Yates’ return trip to the Convention – Part II

Yates’ return trip to the Convention: Intriguing questions 

Professor John Kaminski, Adam Levinson, Esq., Sergio Villavicencio

This week we reported our surprising discovery that New York delegate Robert Yates attempted to return to the Constitutional Convention in September of 1787. Click here for the late breaking report from Albany (Part 1). This previously unexpected event demonstrates that after 230 years, we may still have much to learn about the dramatic closing days of the Constitutional Convention.

This post is the continuation of our November 9 report that more was going on behind the scenes in the famously divided New York delegation than was previously known. Buried among 826 volumes (442.2 cubic feet) of ledgers/journals/payment registers in the New York State Archives is the overlooked documentation that Yates sought reimbursement for a total of twelve days “coming as far as New York [City]” on his way to Philadelphia, before he learned that the Convention had adjourned “a day after my arrival…”

As pictured below, Yates explains that he traveled from “the place of his abode” in Albany “for the same purpose” as the fifty-nine days he was serving as a “delegate in Convention at Philadelphia…” Yates further explains that this work “in September the same year” was “in pursuance of the resolves of the Legislature” during the months of May, June and July, 1787.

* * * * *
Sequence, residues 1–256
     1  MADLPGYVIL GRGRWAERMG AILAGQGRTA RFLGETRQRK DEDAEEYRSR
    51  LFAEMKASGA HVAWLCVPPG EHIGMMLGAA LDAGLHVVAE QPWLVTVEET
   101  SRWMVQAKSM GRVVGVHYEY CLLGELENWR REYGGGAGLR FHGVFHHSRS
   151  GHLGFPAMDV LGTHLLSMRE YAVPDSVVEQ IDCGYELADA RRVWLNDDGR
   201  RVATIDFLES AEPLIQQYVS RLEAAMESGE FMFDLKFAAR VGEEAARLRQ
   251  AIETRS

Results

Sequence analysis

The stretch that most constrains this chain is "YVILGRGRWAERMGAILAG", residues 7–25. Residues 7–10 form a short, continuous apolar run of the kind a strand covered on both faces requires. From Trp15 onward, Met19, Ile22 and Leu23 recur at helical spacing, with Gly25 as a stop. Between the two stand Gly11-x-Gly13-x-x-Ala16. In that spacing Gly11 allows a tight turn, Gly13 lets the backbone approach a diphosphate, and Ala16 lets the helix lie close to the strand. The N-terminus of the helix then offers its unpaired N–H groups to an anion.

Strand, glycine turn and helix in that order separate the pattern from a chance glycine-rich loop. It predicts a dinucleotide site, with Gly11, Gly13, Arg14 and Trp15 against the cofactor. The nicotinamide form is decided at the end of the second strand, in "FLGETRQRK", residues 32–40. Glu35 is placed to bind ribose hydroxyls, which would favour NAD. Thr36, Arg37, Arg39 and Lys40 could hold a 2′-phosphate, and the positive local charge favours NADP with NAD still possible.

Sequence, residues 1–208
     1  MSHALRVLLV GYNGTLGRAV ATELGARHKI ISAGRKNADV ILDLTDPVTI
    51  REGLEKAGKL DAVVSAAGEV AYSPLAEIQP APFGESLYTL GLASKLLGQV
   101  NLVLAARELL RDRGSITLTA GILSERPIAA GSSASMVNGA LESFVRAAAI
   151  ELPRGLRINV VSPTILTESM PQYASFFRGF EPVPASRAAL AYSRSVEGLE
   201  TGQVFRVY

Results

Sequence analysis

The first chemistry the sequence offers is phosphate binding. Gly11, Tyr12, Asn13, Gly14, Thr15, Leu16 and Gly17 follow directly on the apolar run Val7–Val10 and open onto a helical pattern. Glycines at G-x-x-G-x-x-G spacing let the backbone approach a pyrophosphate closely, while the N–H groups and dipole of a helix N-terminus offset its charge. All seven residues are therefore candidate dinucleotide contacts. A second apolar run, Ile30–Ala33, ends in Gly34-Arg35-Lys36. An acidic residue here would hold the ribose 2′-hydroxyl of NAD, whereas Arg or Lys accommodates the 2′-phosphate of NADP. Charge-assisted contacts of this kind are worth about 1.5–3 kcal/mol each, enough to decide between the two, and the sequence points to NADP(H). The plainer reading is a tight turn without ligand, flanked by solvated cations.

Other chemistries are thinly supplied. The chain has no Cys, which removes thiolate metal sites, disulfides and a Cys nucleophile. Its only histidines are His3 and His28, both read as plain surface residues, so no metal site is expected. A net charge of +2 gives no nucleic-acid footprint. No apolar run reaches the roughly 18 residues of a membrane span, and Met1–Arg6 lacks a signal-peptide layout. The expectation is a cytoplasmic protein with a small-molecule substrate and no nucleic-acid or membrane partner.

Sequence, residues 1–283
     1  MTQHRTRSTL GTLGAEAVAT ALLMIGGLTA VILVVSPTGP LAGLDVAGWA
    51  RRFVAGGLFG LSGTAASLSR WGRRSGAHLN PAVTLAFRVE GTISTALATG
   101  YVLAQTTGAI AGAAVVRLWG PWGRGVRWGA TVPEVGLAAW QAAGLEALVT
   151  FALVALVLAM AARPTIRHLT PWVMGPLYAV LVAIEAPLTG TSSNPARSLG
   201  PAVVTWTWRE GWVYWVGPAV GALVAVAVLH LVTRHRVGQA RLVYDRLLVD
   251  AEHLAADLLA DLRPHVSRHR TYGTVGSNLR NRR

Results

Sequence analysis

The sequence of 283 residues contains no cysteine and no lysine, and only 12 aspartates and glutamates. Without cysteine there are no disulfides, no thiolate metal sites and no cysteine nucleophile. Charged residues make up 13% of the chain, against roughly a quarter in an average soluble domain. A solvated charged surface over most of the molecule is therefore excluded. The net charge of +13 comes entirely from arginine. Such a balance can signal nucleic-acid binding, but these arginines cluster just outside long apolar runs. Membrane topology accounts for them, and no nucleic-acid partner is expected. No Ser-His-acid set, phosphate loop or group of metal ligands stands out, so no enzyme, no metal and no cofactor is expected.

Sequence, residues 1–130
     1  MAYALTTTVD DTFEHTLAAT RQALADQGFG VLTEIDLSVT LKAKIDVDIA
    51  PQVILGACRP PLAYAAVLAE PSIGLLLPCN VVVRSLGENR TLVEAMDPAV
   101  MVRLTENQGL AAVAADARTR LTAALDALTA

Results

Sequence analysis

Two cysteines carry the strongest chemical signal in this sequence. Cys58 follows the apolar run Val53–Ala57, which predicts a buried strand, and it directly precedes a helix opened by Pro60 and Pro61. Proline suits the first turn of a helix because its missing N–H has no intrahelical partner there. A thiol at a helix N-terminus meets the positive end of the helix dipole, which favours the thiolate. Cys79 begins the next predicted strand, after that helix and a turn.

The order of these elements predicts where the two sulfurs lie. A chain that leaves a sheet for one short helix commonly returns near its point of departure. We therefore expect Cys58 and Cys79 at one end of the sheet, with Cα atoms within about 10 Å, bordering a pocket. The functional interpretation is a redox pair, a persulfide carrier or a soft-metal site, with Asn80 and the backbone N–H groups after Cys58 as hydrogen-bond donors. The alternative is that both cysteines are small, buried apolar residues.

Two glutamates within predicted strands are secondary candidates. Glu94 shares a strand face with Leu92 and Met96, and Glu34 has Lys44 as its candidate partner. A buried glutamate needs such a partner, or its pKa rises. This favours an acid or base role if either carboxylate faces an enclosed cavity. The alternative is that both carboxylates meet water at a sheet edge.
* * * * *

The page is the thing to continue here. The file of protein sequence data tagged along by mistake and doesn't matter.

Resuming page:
Thus, at the very moment that the Constitution was leaving Philadelphia to travel north to New York City, Yates was traveling south from Albany. William Jackson, the Convention Secretary, departed Philadelphia with the Constitution on September 18th and arrived in New York on September 20. While we don’t know precisely what day Yates left Albany, he learned that the “Convention rose a day after my arrival” in New York City. Yates billed the state of New York £19 & 4 shilling for a total of “12 days,” presumably 6 days in each direction “at the same rate” of 32 shilling per day.